McClurg Jam

McClurg Jam

Monday, April 19, 2010

Jimmy Driftwood, Arkansas Troubadour





There was no one like Jimmy Driftwood. No one. He was utterly unique. An original. Authentic.
I know that I am getting old enough that there are actually folks who don't know who he is or just have heard his name a few times in the past.
As for me, I have known of him for a very long time. My father (or was it my Grandfather?) had a copy of Jimmy Driftwoods "Songs of Billy Yank and Johnny Reb".
I nearly wore it out over the decades until I gave up on records and went to CD's. After a time I found out about Bear Family and their "Americana" compilation of Jimmy Driftwoods recordings. I sent off for it and was I happy when it arrived. It has three CD's and are an excellent assembly of his work. If you love Jimmy Driftwood, this is what you want to buy. Alas, I must report that Bear no longer is selling this set.
Most people know that he wrote "The Battle Of New Orleans". If you love country music you may know he wrote "Tennessee Stud" Both of these are wonderful songs but you should know he wrote many many more and are equally fine tunes you will enjoy.
The bad part is, this music is getting hard to find now. I Tunes does not have any. Bear no longers carries him. You can at least send off to a fellow in Arkansas that still sells his CD's. And of course, check at Allen's site, http://www.allensarchiveofearlyoldcountrymusic.blogspot.com/
He has at least one Driftwood album available for download that he posted a while back.
It was true that he was a rural school teacher who wrote songs to teach his students history. "The Battle of New Orleans" was written just for that reason.
He taught school for many years while commuting long distances to a regional State College for his own education to aquire his teaching credentials. He did not begin to find recognition until he was nearly fifty years old!
Porter Waggoner "found" him and was helpful in making the connections for Jimmy and his songs to find a national audience. Jimmy's biggest success was in songwritting but he also was a performer with several albums to his credit.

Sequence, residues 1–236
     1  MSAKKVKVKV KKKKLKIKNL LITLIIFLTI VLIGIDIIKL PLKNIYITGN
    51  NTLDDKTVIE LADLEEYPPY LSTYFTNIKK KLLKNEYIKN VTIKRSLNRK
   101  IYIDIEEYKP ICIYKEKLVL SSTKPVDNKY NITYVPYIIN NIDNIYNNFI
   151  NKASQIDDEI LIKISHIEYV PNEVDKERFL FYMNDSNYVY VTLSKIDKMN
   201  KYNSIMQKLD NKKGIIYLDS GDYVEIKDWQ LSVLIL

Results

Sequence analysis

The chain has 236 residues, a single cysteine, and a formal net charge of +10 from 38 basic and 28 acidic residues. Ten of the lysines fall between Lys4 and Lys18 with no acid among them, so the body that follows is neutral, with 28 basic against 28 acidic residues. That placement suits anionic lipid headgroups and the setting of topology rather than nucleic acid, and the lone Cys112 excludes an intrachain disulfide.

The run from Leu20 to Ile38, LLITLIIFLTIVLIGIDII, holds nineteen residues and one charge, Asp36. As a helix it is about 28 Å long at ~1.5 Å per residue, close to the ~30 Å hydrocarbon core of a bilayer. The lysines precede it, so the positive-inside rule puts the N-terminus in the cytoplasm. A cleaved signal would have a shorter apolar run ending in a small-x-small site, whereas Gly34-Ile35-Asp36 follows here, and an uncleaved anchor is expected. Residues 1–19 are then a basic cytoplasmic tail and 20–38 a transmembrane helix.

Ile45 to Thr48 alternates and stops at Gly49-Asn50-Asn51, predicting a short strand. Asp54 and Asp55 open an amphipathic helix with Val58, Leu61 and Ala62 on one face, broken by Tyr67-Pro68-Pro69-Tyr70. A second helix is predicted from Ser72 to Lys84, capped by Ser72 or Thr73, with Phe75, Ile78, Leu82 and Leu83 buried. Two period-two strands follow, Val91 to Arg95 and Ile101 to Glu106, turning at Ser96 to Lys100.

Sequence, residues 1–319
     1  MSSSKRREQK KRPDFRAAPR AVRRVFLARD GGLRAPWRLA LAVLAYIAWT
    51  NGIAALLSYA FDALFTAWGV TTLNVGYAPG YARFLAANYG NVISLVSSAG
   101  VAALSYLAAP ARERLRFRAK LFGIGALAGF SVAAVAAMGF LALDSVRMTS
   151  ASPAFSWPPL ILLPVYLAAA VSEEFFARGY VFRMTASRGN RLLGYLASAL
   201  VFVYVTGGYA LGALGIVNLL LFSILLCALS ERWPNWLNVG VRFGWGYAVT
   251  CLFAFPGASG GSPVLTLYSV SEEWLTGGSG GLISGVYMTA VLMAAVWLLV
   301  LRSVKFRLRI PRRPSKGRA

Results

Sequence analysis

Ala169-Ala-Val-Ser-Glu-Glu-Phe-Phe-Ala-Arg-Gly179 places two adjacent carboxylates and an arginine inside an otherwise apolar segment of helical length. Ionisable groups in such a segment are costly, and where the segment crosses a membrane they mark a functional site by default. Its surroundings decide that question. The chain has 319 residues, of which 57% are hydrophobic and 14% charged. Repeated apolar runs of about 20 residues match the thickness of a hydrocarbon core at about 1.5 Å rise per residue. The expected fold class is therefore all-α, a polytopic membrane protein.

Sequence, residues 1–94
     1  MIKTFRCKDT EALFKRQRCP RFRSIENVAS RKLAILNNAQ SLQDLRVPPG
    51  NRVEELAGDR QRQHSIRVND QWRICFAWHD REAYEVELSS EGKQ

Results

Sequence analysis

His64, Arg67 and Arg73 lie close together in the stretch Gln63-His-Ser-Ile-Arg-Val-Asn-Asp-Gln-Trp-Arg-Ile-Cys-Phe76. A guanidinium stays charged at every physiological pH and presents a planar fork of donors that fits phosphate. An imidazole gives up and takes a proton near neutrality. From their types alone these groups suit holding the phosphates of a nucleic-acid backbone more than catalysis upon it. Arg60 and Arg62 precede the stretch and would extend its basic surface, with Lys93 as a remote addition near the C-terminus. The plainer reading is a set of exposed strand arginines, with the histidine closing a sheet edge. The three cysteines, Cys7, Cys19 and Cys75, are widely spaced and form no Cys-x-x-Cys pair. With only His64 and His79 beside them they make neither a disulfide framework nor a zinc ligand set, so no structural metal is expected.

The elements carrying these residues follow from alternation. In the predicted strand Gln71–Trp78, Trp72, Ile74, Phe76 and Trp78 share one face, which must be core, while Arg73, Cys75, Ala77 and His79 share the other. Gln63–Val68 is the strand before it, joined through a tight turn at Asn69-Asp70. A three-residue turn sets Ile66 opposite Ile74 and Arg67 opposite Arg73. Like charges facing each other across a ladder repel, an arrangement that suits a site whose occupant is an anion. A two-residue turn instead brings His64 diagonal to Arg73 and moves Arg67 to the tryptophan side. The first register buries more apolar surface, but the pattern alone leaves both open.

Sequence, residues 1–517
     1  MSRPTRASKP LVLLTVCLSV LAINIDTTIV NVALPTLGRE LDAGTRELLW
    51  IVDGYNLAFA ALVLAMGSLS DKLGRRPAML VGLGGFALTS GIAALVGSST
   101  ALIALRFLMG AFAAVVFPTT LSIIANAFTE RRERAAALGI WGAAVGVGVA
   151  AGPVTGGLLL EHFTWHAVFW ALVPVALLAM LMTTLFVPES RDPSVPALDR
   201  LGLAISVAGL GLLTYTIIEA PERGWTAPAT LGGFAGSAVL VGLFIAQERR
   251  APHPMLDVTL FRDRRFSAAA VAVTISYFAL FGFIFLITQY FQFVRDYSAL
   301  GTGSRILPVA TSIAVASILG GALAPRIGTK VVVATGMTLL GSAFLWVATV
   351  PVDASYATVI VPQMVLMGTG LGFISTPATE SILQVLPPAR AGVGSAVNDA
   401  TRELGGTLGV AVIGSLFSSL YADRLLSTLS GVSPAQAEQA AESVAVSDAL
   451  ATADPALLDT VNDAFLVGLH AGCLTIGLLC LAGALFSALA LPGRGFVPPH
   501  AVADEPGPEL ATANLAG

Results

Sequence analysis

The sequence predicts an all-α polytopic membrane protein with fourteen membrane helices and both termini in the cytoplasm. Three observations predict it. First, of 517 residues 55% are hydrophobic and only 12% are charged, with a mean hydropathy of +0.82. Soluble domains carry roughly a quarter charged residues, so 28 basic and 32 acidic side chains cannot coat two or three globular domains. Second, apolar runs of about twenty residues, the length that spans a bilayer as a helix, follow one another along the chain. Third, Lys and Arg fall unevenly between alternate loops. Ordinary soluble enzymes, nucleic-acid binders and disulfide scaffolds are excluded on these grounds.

Jimmy discovered that songwritting was more lucrative than performing and he used his royalty checks to buy more land and eventually built up a large ranch/farm in Timbo Arkansas, just west of Mountain View.

I have been to Timbo. I have been to his gravestone but he was said to have had his ashes scattered about the farm he loved. You can see his stone in a previous post from yesterday.

I was able to see him perform in Springfield Mo once in 1977 in a free concert held by what was known as SMS Univ. He was just fantastic and I loved every minute of his performance and his palaver.

Several years ago, in a chance encounter, I met a lady who shared that she used to help Jimmy out in setting up his concerts in various places and we talked for a bit about him and our shared appreciation of his music. I was saddened to hear her relate that his two teenage sons had died tragically. One son apparently had slain the other in a rage, perhaps accidentally, perhaps not, and when he realized what he had done, took his own life. This must have bled the life out of him and his wife but obviously they got back up and kept living.

I will report back on where you can find his music and how to get it. If you love Old Time music you should treat yourself to his version.

You should also know that when Jimmy went to Nashville, he was in the hands of Chet Atkins and Steve Sholes. These two guys were the incredibly influential people who guided Nashville toward the "Nashville Sound". They definitely jazzed up Jimmy's recordings. Chet plays on many of the recordings made in Nashville. He plays both guitar and banjo. And of course the usual Nashville session musicians were there to add to the commercial nature of these cuts. Unfortunately, this was probably necessary to make the effort commercially viable. When Jimmy performed he did not try to duplicate this Nashville style but retained his own.
I apologize for the poor job I have done of talking about Jimmy. He deserves better.

Apart from the music, I find Jimmy an apppealing character. He is a classic example of a man from the Ozarks. Independent of mind and spirit. A true free man. He was not a person who twisted his personality around the demands of a large corporation or business. He sought to be true (I believe, as far as I can tell from afar) to himself.

Updated comment. You can't begin to understand how differant the Ozarks was then in the fifties and sixties. If you had not been there you would not realize how much it has changed. When I first visited in 1967-68 it was like stepping into a differant era. After all these decades of TV the culture there is not so differant now. And my friends, I can tell you the change was not for the better.

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